This example’s boring, though. Errybody knows Bayesians take prior beliefs about data into account whereas frequentists don’t; this is Not News. Are there situations where the data themselves give us different answers for the confidence interval and the credence interval?

As a matter of fact, yes. Let’s look at one such example:

A 10-meter-long research submersible with several people on board has lost contact with its surface support vessel. The submersible has a rescue hatch exactly halfway along its length, to which the support vessel will drop a rescue line. Because the rescuers only get one rescue attempt, it is crucial that when the line is dropped to the craft in the deep water that the line be as close as possible to this hatch. The researchers on the support vessel do not know where the submersible is, but they do know that it forms two distinctive bubbles. These bubbles could form anywhere along the craft’s length, independently, with equal probability, and float to the surface where they can be seen by the support vessel.

Let’s call the location of these bubbles y_1 and y_2. Let’s also call the location of the hatch \theta, the value we’re trying to estimate. Since the bubbles need to form along the length of the submarine, we have that \theta - 5 \leq y_1, y_2 \leq \theta + 5, naturally (you can have a clearer picture of this in the image below), and since they form independently, their individual likelihood functions are given by:

p(y_i|\theta, X) = \begin{aligned} \begin{cases} \frac 1 {10} &\text{ if }\theta - 5 \leq y_i \leq \theta + 5 \\ 0 &\text{ otherwise} \end{cases} \end{aligned}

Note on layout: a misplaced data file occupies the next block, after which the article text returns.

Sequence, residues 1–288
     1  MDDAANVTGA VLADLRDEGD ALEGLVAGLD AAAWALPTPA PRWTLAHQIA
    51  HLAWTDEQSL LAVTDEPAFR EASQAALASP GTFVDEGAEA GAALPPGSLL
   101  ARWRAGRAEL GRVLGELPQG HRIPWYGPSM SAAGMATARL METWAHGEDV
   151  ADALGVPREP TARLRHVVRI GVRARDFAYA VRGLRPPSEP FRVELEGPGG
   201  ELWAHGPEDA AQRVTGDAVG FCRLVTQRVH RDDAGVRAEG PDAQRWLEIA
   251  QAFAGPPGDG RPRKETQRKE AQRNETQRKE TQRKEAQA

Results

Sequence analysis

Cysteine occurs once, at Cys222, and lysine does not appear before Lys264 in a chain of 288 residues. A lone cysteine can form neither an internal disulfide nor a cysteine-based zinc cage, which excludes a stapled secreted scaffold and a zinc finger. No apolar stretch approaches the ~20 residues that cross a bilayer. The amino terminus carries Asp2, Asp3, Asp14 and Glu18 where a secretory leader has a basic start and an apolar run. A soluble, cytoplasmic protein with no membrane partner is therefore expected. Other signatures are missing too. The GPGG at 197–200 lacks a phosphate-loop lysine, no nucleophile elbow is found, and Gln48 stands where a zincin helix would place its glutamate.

Let’s create two new variables, x_1 and x_2, that are the bubbles ordered by location, so that x_1 = \min(y_1, y_2) and x_2 = \max(y_1, y_2). Then, \theta - 5 \leq x_1 \leq x_2 \leq \theta + 5, and we can express the joint likelihood function by their constraints:

p(y_1, y_2 | \theta, X) = \begin{aligned} \begin{cases} \frac 1 {100} &\text{ if }x_1 \geq \theta - 5 \text{ and } x_2 \leq \theta + 5 \\ 0 &\text{ otherwise} \end{cases} \end{aligned}

However, to make that more explicitly a function of \theta, we could rearrange the condition so that:

p(y_1, y_2 | \theta, X) = \begin{aligned} \begin{cases} \frac 1 {100} &\text{ if } x_2 - 5 \leq \theta \leq x_1 + 5 \\ 0 &\text{ otherwise} \end{cases} \end{aligned}

We can further rearrange the above if we define the average between the two values, \bar x = (x_1 + x_2) / 2, and their distance, d = x_2 - x_1 = |y_1 - y_2| (since by definition x_2 \geq x_1). Then:

\begin{aligned}x_2 - 5 &= x_2 - 5 + \frac {x_1} 2 - \frac {x_1} 2 \\ &= \frac {x_2} 2 + \frac {x_2} 2 - 5 + \frac {x_1} 2 - \frac {x_1} 2 \\ &= \frac{x_1 + x_2} 2 - 5 + \frac{x_2 - x_1} 2 \\ &= \bar x - \left( 5 - \frac d 2 \right) \end{aligned}

A similar derivation shows that x_1 + 5 = \bar x + (5 - d/2), so the likelihood can be rewritten yet again:

p(y_1, y_2 | \theta, X) = \begin{aligned} \begin{cases} \frac 1 {100} &\text{ if } \bar x - \left(5 - \frac d 2 \right) \leq \theta \leq \bar x + \left(5 - \frac d 2 \right) \\ 0 &\text{ otherwise} \end{cases} \end{aligned}